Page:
Condensed Matter and Biophysics Theory
The entire theory group are members of the Brandeis Materials Research Science and Engineering Center, in which interdisciplinary teams elucidate the role that material properties play in the structure and function of cells and exploit this knowledge to create new categories of materials.
Professor Aparna Baskaran's research interests include understanding out-of-equilibrium properties of soft materials and physics of biological systems.
Professor Bulbul Chakraborty is interested in systems far from equilibrium. Her recent research has been focussed on
- Analyzing the origin of glassy dynamics in supercooled liquids with a specific focus on the question of an underlying critical point
- Exploring the origin of force chains in granular media and their effect on the jamming of granular flows
- The nature of the jamming transition
- Modelling the dynamical instability in microtubules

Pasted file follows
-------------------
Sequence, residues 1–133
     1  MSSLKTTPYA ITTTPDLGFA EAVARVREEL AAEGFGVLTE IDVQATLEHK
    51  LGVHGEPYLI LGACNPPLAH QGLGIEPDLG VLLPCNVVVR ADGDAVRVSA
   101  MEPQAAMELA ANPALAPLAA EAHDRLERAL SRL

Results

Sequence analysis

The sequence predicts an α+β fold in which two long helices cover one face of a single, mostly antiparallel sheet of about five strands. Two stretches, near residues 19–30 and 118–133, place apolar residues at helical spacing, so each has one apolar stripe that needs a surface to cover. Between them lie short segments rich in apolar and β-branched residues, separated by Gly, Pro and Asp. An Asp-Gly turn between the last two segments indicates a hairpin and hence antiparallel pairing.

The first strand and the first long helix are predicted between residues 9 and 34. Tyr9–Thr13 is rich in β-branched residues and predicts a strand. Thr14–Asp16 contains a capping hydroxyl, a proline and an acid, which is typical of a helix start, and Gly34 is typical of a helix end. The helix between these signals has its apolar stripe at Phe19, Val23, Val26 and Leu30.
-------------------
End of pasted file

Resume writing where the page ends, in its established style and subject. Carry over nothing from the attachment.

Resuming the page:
A sampling of recent publications and short descriptions of her research topics can be found at the group's Web site.
Professor Jané Kondev is interested in problems where fluctuations play a prominent role, such as the statistical physics of polymers and structural glasses. The goal is to develop coarse-grained theories that lead to experimentally falsifiable predictions.
Our main focus is on systems of fluctuating lines and surfaces which due to their extended nature are strongly affected by confinement and similar constraints. For example, in the context of compact polymers, which are toy models of proteins, we have developed a simple field-theoretical model that leads to exact results for the polymer scaling exponents.
Professor Michael Hagan and his lab endeavor to understand how fundamental physical principles lead to the forces that control assembly and dynamic pattern formation in biological and biomimetic systems. Because assembling structures can be orders of magnitude larger than the individual components, his lab develops and applies computational and theoretical methods that bridge disparate length and time scales.
Applications of these methods include understanding assembly mechanisms for viral capsids and other large protein complexes, and learning to direct the rational design of novel materials with biomimetic function.